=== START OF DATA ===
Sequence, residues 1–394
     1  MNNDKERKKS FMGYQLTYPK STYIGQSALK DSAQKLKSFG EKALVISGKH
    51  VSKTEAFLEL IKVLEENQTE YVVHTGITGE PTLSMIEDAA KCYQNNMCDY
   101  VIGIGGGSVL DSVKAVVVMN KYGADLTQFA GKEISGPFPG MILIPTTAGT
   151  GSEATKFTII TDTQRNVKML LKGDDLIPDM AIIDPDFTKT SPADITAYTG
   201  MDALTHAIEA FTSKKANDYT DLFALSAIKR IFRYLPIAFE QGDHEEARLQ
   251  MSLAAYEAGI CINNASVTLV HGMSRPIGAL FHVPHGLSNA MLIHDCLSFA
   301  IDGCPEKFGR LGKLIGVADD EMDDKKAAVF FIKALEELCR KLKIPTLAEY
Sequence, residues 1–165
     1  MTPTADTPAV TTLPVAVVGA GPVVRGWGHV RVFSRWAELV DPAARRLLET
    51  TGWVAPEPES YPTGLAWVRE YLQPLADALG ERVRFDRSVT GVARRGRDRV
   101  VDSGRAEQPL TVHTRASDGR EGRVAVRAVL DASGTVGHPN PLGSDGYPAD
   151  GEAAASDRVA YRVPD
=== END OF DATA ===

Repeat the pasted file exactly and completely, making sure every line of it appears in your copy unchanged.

Sequence, residues 1–394
     1  MNNDKERKKS FMGYQLTYPK STYIGQSALK DSAQKLKSFG EKALVISGKH
    51  VSKTEAFLEL IKVLEENQTE YVVHTGITGE PTLSMIEDAA KCYQNNMCDY
   101  VIGIGGGSVL DSVKAVVVMN KYGADLTQFA GKEISGPFPG MILIPTTAGT
   151  GSEATKFTII TDTQRNVKML LKGDDLIPDM AIIDPDFTKT SPADITAYTG
   201  MDALTHAIEA FTSKKANDYT DLFALSAIKR IFRYLPIAFE QGDHEEARLQ
   251  MSLAAYEAGI CINNASVTLV HGMSRPIGAL FHVPHGLSNA MLIHDCLSFA
   301  IDGCPEKFGR LGKLIGVADD EMDDKKAAVF FIKALEELCR KLKIPTLAEY
Sequence, residues 1–165
     1  MTPTADTPAV TTLPVAVVGA GPVVRGWGHV RVFSRWAELV DPAARRLLET
    51  TGWVAPEPES YPTGLAWVRE YLQPLADALG ERVRFDRSVT GVARRGRDRV
   101  VDSGRAEQPL TVHTRASDGR EGRVAVRAVL DASGTVGHPN PLGSDGYPAD
   151  GEAAASDRVA YRVPD